Heel pain is common in adults over the age of forty. This type of pain may be caused by plantar fasciitis which is inflammation of the very thick ligament that provides support to the soles of your feet and your arches.
When this ligament begins to wear out and lose its elasticity, you may find that you awaken to very severe pain in the soles of your feet when you get out of bed in the morning. Moving around may provide some relief to this problem, but if you have a job where you need to sit for long periods of time during the day you may find that the pain returns every time you stand up.
The most recognizable symptom of this condition is stabbing pain in the heel of your foot. If you tend to be on your feet a great deal or if you are a runner, this pain may go away while you are moving about but come back with a vengeance when you sit down.
What Can You Do?
If you wear proper, supportive footwear you may be less likely to feel the severe pain of plantar fasciitis. Other things that may help include:
Excessive stress on the foot caused by extreme exercise, poor health, excessive weight, and/or bad shoes can cause overstretching and tearing in the fascia. This causes the ligament to wear out with the passage of time.
Other Contributing Factors
If you already have problems with your feet such as:
…..you will be more likely to develop plantar fasciitis because all of these conditions put excessive stress on the soles of your feet.
Certain occupations tend to contribute to the development of this foot problem. Among them are:
Choose Your Form of Exercise Carefully
Be sensible. Weekend warriors who live a mostly sedentary life and then go all out with very challenging physical activities are far more likely to experience injuries of all kinds.
Some types of exercise are more likely to cause plantar fascia than others. For example:
All of these put excessive stress on the plantar fascia and may contribute to the development of this problem.
What Should You Do About Plantar Fasciitis?
Plantar fasciitis is hard to ignore, but if you decide to tough it out without doing anything you're very likely to experience more severe pain in your feet and complications in terms of the alignment of the rest of your body. Ignoring Plantar fasciitis can cause problems with your ankles, knees, hips and back.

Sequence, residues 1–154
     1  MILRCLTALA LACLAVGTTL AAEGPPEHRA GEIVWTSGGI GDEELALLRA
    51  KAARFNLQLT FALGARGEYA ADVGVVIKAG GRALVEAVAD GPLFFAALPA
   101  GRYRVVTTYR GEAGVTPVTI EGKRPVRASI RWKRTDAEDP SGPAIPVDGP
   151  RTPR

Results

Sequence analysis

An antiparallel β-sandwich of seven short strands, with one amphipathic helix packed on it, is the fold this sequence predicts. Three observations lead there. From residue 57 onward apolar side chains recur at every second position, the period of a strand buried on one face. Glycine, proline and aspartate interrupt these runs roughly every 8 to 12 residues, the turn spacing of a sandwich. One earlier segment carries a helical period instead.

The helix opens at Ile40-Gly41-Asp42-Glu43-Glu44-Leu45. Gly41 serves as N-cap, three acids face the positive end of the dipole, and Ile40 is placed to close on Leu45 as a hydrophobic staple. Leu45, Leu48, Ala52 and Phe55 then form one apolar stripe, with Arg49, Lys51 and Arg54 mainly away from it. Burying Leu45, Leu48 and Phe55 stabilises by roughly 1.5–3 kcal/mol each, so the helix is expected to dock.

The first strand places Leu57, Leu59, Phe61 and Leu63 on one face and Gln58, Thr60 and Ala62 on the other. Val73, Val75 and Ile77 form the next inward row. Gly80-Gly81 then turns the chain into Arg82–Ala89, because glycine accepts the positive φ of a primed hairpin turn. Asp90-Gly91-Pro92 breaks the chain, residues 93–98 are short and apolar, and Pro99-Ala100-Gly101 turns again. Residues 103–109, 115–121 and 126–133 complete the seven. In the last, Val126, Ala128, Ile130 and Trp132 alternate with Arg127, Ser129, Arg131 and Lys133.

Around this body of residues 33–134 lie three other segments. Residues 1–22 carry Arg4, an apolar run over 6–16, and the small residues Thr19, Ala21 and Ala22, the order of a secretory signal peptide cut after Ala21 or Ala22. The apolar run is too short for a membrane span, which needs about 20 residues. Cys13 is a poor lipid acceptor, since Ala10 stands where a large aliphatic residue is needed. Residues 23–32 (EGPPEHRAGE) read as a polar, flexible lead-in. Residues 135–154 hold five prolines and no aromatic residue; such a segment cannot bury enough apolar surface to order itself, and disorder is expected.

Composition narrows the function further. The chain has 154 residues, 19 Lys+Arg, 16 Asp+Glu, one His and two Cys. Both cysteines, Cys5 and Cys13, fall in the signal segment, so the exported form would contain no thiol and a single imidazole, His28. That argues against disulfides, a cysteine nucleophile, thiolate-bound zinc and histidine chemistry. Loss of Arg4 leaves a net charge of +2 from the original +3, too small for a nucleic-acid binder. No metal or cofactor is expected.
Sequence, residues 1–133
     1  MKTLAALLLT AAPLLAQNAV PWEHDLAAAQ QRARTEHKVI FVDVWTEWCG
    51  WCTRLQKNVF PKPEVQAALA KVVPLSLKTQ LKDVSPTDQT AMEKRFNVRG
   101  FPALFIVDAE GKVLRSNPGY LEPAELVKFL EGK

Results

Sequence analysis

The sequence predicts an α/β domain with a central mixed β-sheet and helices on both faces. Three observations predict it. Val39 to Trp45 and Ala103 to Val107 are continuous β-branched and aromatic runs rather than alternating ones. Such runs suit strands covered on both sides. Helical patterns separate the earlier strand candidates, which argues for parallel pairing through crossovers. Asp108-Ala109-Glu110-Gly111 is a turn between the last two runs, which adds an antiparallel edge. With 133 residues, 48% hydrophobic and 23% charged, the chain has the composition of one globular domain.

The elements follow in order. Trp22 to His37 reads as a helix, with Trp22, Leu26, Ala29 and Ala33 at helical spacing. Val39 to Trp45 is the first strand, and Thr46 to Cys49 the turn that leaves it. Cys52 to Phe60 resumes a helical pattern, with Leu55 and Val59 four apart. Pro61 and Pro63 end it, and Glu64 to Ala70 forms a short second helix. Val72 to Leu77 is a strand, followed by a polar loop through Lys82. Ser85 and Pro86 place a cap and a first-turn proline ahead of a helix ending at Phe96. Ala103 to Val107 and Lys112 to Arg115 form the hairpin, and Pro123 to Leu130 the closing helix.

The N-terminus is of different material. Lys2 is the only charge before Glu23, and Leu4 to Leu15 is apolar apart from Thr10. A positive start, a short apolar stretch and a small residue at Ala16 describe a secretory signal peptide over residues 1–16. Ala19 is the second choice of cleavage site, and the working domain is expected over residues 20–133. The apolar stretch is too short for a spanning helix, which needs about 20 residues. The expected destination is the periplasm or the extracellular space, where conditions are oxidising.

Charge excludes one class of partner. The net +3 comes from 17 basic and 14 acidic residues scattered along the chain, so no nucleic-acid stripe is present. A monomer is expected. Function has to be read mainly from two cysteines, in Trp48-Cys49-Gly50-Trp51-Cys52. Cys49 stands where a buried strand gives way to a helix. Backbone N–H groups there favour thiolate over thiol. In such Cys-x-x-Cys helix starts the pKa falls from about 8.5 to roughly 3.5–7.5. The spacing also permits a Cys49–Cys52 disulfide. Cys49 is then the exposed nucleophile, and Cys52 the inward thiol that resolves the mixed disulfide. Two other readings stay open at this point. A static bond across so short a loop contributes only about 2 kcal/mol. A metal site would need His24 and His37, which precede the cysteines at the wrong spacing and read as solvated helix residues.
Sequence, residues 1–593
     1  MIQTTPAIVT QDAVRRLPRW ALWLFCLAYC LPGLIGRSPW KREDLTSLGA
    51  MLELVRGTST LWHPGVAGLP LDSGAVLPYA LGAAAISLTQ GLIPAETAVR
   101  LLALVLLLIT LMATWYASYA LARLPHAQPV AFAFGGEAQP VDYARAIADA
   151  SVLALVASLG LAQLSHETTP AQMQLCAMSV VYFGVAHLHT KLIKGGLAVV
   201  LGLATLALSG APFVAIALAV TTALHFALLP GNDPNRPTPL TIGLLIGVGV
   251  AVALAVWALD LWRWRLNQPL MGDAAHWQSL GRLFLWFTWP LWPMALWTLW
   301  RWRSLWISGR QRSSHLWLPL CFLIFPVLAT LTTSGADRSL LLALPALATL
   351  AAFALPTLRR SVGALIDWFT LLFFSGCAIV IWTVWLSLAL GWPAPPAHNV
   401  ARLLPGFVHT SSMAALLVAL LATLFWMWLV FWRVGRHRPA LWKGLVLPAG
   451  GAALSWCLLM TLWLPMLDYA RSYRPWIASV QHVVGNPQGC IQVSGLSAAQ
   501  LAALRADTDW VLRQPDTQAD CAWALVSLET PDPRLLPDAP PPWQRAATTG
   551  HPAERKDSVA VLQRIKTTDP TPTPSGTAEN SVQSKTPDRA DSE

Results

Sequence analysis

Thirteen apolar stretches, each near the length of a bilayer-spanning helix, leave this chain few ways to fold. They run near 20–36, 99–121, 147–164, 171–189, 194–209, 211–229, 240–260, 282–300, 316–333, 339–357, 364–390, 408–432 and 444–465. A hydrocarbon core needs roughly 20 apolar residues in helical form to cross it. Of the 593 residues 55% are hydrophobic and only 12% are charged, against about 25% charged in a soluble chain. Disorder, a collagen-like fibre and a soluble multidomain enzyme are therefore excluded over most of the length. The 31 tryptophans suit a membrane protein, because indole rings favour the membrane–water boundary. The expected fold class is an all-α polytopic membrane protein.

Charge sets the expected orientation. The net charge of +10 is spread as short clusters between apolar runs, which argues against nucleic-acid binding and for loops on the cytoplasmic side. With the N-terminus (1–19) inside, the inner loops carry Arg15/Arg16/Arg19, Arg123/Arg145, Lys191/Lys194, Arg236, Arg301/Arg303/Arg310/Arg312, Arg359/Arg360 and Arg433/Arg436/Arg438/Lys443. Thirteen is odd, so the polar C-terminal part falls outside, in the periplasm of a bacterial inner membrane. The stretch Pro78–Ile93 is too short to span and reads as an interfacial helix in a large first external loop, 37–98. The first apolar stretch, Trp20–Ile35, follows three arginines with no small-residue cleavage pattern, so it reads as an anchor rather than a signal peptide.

Remember that your feet are the foundation for the rest of your body, and if you're having problems they are you're very likely have problems elsewhere very soon. Make an appointment with your doctor right away for a diagnosis.
Your doctor may be able to make a firm diagnosis just based on a physical examination and your account of the pain. If not, he or she may order magnetic resonance imaging (MRI) or take an x-ray.
These diagnostic tests will allow your doctor to rule out pinched nerve or stress fracture as the cause of your pain. X-rays can also pick up bone spurs that may have developed in your heel because of plantar fasciitis. Sometimes removal of the bone spur will also resolve the rest of your pain.
Is Surgery Absolutely Necessary?
Most of the time, this problem can be resolved without surgery. If your plantar fasciitis does not need to be addressed by surgery, there are lots of very conservative treatments you can use.
Sometimes just taking over-the-counter pain relievers such as Motrin, Advil or Aleve can help resolve the inflammation and the pain. Even so, you should understand that use of pain relievers only masks the pain. It's a good idea to also address the problem with diet, exercise and proper footwear.
In addition to these home remedies, your doctor may recommend some other therapies, such as:
What If Conservative Treatments Don’t Work?
If you try these solutions for several months without obtaining significant relief, your doctor may try one of these procedures:
It's easy to see that it's much better to try to avoid plantar fasciitis than to have to treat it, especially in an aggressive manner. Luckily, it's easy to avoid or at least minimize the development of plantar fasciitis by maintaining a healthy weight, wearing good shoes, participating in light-to-moderate exercise on a regular basis and resting as needed.
Develop the habit of stretching your arches, ankles and calves every morning when you get up and every night before you go to bed. These types of exercises are easy to do while you're relaxing in front of the television.
Whenever you feel pain in your feet, ankles or lower legs use simple, commonsense home treatments such as massage, ice, elevation and rest to relieve your symptoms.